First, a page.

The teachers also wanted to tie the school in with the historic site, including requiring parents of students to become LHA members.
       Low attendance has been a problem. There was room for 40 students in the roughly 500-square-foot space, but only 20 students were enrolled this session, and attendance has been under capacity for several years, Saulsbury said. But she blamed that on an “extreme lack of advertising.”
       Another point of dispute concerned the use of the Studio after the school closes. Saulsbury quoted Wright as saying the LHA wants it for storage, but Wright said that's not the case, “not at all.” The ranch's 1995 Rock Ledge Ranch master plan called for the Studio to become an interpretive site, and that's the direction the LHA intends to go with it, he said.
       One more point, as noted by Butcher, was that Mary LeBrecque, the West Center's long-time Rock Ledge preschool administrator, retired as of March 31. This along with the previously noted factors and the reality that the city's Westside Center subsidy was ending then too, led to his deciding, Butcher said, that March 31 was the right time for the city to finally heed the ranch master plan.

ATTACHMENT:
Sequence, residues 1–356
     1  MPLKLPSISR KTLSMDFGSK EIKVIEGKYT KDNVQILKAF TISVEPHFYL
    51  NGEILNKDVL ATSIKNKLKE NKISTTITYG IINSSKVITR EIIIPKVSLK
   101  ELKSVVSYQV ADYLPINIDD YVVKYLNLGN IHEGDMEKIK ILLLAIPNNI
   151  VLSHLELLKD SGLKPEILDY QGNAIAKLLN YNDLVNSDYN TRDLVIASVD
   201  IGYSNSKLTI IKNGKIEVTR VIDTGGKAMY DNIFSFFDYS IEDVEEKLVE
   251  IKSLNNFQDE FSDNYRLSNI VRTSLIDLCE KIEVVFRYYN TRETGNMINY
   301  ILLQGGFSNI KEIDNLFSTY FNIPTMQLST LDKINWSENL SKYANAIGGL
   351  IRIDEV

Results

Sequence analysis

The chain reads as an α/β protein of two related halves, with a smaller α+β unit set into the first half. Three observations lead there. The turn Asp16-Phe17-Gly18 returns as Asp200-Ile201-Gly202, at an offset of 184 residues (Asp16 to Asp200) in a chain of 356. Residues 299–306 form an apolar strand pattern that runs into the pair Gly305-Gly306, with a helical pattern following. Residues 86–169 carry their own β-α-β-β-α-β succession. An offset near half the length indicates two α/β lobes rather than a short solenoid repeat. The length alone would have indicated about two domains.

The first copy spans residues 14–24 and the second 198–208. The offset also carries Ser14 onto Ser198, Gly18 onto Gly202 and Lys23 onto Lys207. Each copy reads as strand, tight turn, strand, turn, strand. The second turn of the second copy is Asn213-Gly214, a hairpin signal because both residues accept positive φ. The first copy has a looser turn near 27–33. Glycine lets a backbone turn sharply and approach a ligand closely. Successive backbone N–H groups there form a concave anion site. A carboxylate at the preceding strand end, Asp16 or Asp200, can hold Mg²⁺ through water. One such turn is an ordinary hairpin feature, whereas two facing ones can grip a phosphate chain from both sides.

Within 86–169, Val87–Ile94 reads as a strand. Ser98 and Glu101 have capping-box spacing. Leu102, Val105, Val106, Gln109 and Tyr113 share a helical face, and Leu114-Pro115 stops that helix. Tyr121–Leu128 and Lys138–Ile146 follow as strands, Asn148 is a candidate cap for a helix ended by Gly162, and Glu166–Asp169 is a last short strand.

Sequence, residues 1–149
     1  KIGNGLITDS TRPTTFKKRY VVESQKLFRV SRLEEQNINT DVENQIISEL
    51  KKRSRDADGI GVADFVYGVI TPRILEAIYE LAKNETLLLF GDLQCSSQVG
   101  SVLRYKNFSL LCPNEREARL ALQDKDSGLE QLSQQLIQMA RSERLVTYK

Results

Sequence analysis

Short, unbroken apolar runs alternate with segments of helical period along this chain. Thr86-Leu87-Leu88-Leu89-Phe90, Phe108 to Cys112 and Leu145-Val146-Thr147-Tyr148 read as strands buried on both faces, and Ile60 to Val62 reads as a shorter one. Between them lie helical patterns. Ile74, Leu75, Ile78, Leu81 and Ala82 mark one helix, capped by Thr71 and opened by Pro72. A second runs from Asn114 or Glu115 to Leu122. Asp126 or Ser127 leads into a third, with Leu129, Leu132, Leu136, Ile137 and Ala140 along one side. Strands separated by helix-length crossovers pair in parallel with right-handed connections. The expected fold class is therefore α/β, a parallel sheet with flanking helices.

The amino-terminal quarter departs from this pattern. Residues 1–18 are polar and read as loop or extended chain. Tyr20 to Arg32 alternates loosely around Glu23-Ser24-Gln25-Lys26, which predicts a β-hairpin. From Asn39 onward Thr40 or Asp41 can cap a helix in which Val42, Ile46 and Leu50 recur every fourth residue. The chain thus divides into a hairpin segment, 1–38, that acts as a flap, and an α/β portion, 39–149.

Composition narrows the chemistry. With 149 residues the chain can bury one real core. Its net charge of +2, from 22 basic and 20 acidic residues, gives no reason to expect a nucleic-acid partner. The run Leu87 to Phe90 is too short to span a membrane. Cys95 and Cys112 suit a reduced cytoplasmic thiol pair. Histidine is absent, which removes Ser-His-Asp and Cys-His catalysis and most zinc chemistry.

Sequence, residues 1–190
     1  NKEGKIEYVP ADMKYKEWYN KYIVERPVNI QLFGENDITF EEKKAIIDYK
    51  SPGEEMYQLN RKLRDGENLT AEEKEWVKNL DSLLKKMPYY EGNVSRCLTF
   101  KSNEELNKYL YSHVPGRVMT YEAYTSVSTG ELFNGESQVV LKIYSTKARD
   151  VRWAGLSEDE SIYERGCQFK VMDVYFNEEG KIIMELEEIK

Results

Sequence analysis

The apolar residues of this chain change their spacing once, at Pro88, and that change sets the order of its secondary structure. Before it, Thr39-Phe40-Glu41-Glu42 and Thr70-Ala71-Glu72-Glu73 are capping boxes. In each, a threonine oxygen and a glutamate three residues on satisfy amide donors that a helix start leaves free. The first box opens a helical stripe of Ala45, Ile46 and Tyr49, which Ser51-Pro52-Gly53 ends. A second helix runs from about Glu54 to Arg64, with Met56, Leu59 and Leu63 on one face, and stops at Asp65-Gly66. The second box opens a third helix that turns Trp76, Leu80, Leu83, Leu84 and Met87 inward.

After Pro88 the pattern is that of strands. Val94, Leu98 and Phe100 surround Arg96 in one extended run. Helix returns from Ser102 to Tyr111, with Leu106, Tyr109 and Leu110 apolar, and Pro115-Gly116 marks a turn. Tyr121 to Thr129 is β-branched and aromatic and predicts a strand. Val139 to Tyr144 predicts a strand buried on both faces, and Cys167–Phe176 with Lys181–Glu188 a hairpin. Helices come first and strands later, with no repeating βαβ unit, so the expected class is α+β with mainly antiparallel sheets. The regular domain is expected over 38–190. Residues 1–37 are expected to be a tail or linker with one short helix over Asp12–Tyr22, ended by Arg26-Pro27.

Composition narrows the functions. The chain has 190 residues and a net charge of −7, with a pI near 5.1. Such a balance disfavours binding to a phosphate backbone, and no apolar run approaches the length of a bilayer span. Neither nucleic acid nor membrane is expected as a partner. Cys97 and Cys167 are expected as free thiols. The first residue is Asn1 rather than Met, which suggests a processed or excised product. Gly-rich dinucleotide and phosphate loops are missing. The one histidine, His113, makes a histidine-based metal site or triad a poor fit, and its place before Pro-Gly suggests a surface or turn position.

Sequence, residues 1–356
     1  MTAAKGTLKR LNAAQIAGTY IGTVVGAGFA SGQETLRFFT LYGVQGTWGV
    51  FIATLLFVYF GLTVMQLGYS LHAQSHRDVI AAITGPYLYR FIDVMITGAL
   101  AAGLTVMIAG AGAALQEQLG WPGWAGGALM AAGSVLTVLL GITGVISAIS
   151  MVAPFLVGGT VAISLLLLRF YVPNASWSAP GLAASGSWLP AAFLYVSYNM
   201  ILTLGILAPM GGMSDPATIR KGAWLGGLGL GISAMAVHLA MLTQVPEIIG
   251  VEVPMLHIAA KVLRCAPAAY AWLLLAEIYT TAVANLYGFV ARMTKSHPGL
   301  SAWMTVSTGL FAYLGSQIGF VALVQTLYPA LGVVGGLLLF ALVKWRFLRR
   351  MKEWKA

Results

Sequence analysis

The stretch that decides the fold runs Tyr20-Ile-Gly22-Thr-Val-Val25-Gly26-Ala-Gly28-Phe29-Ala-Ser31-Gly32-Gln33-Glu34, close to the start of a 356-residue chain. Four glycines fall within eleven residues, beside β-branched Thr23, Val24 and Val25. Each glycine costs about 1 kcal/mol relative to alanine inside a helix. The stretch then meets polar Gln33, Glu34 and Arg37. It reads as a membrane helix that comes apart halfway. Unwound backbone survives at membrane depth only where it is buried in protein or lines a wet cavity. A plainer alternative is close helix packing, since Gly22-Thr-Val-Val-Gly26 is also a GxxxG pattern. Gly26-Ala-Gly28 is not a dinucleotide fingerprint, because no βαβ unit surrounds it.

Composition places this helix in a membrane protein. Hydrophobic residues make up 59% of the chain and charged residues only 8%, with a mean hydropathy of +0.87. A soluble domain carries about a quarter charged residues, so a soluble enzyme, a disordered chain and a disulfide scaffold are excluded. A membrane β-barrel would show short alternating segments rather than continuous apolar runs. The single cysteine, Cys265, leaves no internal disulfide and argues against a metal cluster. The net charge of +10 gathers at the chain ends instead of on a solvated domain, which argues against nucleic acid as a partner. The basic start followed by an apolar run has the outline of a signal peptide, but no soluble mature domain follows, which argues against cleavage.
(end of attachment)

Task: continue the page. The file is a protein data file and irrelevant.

As for storage (chiefly of period clothing for ranch docents), space will continue to be provided for that purpose at the Westside Center, Wright and Siever said.
       Fogging up the preschool controversy is the uncertainty (at least until very recently) regarding the future of the Westside Community Center. It has traditionally administered the Rock Ledge preschool while hosting a similar, somewhat less expensive preschool. It wasn't until the City Council meetings of March 22 and 23 that it became public knowledge that City Parks is negotiating with the community action arm of Woodmen Valley Chapel to take over operations of the center as a limited liability corporation (LLC) in April.